To find out how to buy my art work, please check out “How to Buy my Art Work” in the “Pages” section to the right of this blog.

A Processional Banner for an Ethnic Parade

A hand appliqued and quilted banner, "A Processional Banner for an Ethnic Parade"In a recent blog, the ethnic group I briefly considered starting, the NeMaS people, was written about. The whole, short campaign was in response to a number of gallery owners saying my work was too ethnic. (This was when I was first beginning as a professional art quilter, back in the early 80s.) Having designed a few wearables, I then figured that I needed a way to kick-off a promotional campaign, so what better way than to have a parade. Everybody loves a parade. right? So as I envisioned a mighty throng of fellow artistic lovers of bright colors, symbols, and bold patterns, I thought that the front of the parade would need some sort of banner. Thus, “A Processional Banner for and Ethnic Parade” was created.

Measuring about 40.5″ or 103 cm total width, and 56″ or 142 cm total height, the banner was hand appliqued and quilted. I wanted it to be lightweight enough that it could actually be carried along a several mile long parade route if need be. The dangles and streamers on the right side in the photo above just seemed fitting to add, so that they would flutter in a slight breeze.

Detail of "A Processional Banner for an Ethnic Parade"All of the small motifs were made of cotton and cotton blend fabrics and were hand appliqued onto the background. I was still using some of what would be considered traditional quilting ginghams. During my geometric period, if I used prints, they were small scale, and had a strong contrast with the main color. I then would pick up some of the detail colors and use solid fabric in as close of a match as I could. That way, when you were up close, there would be tiny bits of color that repeated the larger areas, just on a different scale. In this particular piece, I used commercial cotton piping to make a small rolled edge, as you can see in the orange edging around the gold band that holds the letters. That very small edging repeated the much wider gold fabric edging around the outside of the whole piece that you can see in the first photo.

Detail photo of hand appliqued and quilted art quilt, "A Processional Banner for an Ethnic Parade"Here is central motif that appeared in the middle of the banner. In an article that I had published about this piece back in the 80s, I spoke about how I thought about coming up with some symbolism for the various shapes, such as ovals symbolizing life and rectangles standing for the horizon. In reality, I used motifs that pleased my eye, and I wanted shapes that added to a big, bold composition. Looking at the entire piece, over 30 years later, I can see how much I needed to learn about composition. Still, I had great, good fun composing the piece, even though it only hung in my studio, and never made it to that intended parade.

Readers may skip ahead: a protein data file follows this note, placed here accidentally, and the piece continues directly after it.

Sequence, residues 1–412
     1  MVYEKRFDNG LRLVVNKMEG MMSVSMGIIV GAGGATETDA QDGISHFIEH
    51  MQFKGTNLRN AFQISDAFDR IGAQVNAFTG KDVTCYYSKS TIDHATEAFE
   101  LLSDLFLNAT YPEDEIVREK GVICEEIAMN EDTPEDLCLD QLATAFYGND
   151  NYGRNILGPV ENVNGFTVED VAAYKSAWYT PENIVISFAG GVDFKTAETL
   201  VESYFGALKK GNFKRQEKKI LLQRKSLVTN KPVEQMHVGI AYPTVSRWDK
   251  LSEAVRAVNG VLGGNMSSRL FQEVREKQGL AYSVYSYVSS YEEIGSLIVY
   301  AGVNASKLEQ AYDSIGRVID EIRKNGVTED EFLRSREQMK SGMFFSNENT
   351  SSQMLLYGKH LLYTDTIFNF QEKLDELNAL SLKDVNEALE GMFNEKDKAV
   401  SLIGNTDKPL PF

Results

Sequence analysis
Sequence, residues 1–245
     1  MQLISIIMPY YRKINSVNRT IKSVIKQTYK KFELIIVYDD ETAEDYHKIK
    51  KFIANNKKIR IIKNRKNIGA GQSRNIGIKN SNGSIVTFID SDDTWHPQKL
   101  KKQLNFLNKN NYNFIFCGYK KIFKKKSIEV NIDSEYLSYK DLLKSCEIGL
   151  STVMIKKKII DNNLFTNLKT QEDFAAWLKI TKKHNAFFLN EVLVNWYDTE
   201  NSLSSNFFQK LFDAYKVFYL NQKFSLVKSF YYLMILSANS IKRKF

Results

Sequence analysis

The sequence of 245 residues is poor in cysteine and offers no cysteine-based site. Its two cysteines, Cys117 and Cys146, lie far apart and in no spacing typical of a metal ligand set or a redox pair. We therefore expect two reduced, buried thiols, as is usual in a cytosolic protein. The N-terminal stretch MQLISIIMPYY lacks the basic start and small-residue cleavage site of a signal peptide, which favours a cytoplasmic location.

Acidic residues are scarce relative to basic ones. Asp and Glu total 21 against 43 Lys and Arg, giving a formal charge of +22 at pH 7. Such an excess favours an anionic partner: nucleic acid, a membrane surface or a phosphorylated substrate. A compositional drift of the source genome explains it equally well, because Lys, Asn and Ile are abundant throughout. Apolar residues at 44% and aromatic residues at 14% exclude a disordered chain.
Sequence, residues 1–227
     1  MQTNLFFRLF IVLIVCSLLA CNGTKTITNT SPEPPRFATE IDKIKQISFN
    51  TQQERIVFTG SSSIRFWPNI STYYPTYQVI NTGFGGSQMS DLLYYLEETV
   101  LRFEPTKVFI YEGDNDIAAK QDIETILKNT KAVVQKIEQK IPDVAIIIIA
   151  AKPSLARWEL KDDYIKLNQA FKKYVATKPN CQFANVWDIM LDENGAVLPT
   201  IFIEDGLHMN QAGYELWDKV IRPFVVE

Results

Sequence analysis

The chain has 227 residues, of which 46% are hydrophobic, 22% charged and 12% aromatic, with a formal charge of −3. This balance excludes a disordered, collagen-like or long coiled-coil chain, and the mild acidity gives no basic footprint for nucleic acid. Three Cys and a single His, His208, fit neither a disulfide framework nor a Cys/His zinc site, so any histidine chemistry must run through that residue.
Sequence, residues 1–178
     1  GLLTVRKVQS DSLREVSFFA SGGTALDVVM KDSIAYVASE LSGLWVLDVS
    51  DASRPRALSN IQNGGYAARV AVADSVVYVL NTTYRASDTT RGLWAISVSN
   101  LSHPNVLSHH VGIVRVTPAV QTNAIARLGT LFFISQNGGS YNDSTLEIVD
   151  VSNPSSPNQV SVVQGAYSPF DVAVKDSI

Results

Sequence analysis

I can also see now how my work was described as ethnic. At the time, I was just making pieces that pleased my eye. I suppose I could have listened to those gallery owners and made work that was more commercially viable. However, I have always had the good fortune to make work that makes my heart sing, and the buyers come as they will. My art feeds my soul and my heart knows what it needs.

NOTE: This posting was scheduled before Hurricane Sandy hit the east coast of the USA with full force. More postings will follow as electricity prevails.

How have you dealt with artistic criticism. What is your balance of creating from your heart and creating work to sell?

Why not leave a comment as to your thoughts on this posting. Please take a minute, fill out the form below or by clicking on the “comments/no comments link” at the top of the posting, and then share your ideas with the rest of us. We all grow when we share our thoughts and impressions, so why not join our growing community of those who appreciate art quilts and textile arts. We’d love to hear from you!

You can see more of my art work on my web site at www.fiberfantasies.com (be patient as it loads; it’s worth it), my healing work at www.hearthealing.net and can find me on Google + , Facebook (for Transition Portals) Facebook (for Fiber Fantasies),  and Twitter.

To find out how to buy my art work, please check out “How to Buy my Art Work” in the “Pages” section to the right of this blog.